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The general principle of the law is that at the trial of an action the authority of Counsel extends, when it is not expressly limited, to the whole of the court action and all matters incidental to it and to the conduct of the trial. See Sourendra Nath Mitra v. Srimati Tarubala Dasi (1930) 46 T.L.R. 191 PC. This general principle, however, does not and has not fettered the discretion of the court where it deems it fit so to exercise the same. See Adewunmi v. Plastex Ltd (1986) 3 NWLR (Pt. 32) 767 at 785. In this regard, it cannot be disputed that where Counsel by the authority of his client and with full knowledge of the facts consents to an order, there being no mistake or surprise in the case, the client cannot arbitrarily withdraw such consent, and the court may proceed to perfect the order but without prejudice to any application which the other side might make to the court to be relieved from his consent all the ground of fraud, mistake, misrepresentation or surprise or for other cogent and sufficient reason. See Harvey v. Croydon Union Rural Sanitary Authority (1884) 26 ChD. 249, CA, Holt v. Jesse (1876) 3 Ch. D. 177. But if it is established that Counsel agreed to the consent order being made under some misapprehension, the court will not hold him or his client to the agreement. See Shepherd v. Robinson (1919) 1 K.B. 474, C.A. Where the authority of Counsel has been expressly limited by the client and Counsel has in defiance consented to an order or judgment contrary to his client’s clear instructions, various considerations would appear to arise. If the limitation of authority is known or communicated to the other side, consent of Counsel outside the limits of his authority and in breach of the express instruction of his client will be inconsequential and of no effect. See Strauss v. Francis (1866) L.R. 1 Q.B. 379 at 382. Where, however, the limitation of authority is unknown to the other side who enters into the compromise in the belief that the opponent’s Counsel has the ordinary unlimited authority of his client, the position would appear, to some extent, to be fluid and uncertain. In such situation the learned authors of Halsbury’s Laws of England, 4th Edition, Volume 3, paragraph 1182 have formulated the applicable true rule under the circumstance as follows:- “But the true rule seems to be that in such case the court has power to interfere; that it is not prevented by the agreement of Counsel from setting aside or refusing to enforce a compromise; that it is a matter for the discretion of the court; and that when, in the particular circumstances of the case, grave injustice would be done by allowing the compromise to stand, the compromise may be set aside, even although the limitation of Counsel’s authority was unknown to the other side, or where clear and unequivocal instructions of limitations have been given.” I confess that I have given the above passage a most careful consideration and must fully and most respectfully endorse the same as the correct position of the present law. It is my view, therefore, that the court possesses the discretionary jurisdiction to examine the entire circumstances of a particular case, in order to determine whether or not the compromise entered into by Counsel should be sanctioned by the court. The remedy, being discretionary, must be exercised with the utmost care and with regard to the injustice or otherwise of allowing an order to stand. It is this jurisdiction that both courts below invoked and exercised in favour of the respondent as plaintiff in the originating summon.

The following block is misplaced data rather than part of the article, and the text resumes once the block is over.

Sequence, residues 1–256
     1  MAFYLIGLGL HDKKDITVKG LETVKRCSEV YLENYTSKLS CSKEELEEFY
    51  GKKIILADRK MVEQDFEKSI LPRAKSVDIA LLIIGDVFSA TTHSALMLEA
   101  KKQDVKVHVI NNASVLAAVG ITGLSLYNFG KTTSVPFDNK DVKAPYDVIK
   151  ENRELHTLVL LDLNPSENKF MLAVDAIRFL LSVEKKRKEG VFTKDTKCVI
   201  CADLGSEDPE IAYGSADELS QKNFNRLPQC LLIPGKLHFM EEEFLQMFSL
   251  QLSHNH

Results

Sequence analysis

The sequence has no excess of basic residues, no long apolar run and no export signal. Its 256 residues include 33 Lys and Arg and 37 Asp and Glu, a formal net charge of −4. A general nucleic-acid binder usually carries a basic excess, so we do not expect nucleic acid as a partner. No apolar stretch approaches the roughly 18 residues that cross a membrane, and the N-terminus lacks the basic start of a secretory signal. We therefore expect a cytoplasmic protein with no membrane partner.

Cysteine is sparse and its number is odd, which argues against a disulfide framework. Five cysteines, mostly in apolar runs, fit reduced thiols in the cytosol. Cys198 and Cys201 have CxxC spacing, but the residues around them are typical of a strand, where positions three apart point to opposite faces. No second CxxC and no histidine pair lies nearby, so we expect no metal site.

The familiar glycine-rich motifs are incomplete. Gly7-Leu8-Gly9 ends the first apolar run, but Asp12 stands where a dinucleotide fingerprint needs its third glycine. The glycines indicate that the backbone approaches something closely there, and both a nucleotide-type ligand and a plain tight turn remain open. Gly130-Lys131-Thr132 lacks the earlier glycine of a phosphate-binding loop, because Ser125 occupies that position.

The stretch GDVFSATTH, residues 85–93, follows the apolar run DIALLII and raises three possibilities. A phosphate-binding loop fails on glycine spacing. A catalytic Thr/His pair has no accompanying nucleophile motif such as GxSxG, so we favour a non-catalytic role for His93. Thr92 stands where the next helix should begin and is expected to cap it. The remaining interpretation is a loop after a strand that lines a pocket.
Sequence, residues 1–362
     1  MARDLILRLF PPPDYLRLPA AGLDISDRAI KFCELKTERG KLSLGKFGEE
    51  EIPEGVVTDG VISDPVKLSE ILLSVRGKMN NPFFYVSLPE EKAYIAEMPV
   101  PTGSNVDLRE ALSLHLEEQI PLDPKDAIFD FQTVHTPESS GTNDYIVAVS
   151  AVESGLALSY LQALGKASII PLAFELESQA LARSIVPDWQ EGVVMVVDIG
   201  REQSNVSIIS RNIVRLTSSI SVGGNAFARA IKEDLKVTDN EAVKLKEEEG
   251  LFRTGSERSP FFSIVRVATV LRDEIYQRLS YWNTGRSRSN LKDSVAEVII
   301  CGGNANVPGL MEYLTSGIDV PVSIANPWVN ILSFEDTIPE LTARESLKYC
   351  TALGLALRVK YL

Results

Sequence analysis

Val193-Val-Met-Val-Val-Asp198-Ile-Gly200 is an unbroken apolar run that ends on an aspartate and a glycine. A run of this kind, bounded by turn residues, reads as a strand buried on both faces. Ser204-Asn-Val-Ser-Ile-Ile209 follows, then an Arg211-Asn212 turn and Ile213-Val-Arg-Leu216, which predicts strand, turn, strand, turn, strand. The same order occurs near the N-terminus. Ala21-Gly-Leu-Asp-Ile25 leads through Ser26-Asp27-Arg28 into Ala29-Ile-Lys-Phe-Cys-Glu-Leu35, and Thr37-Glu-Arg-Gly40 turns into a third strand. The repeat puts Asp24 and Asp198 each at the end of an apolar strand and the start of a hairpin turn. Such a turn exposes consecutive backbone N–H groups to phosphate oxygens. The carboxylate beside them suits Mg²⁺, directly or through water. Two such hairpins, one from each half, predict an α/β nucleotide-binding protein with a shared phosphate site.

— Iguh JSC. Vulcan Gases Limited V. Gesellschaft Fur Industries Gasverwertung A.G.(G.I.V.) ( SC.67/1995, 4th May 2001)

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Sir James Bacon, V.C., said in Green’s Case (1874) L.R. 18 Eq C.A. 428:- “In the judgments which Judges pronounce, this is inevitable, that having their minds full, not only of the cases before them, but of all the principles involved in the cases which have been referred to, it very often happens that a Judge, in stating as much as is necessary to decide the case before him, does not express all that may be said upon the subject. That leaves the judgment open sometimes to misconstruction, and enables ingenious advocates by taking out certain passages, to draw conclusions which the Judge never meant to be drawn from the words he used.”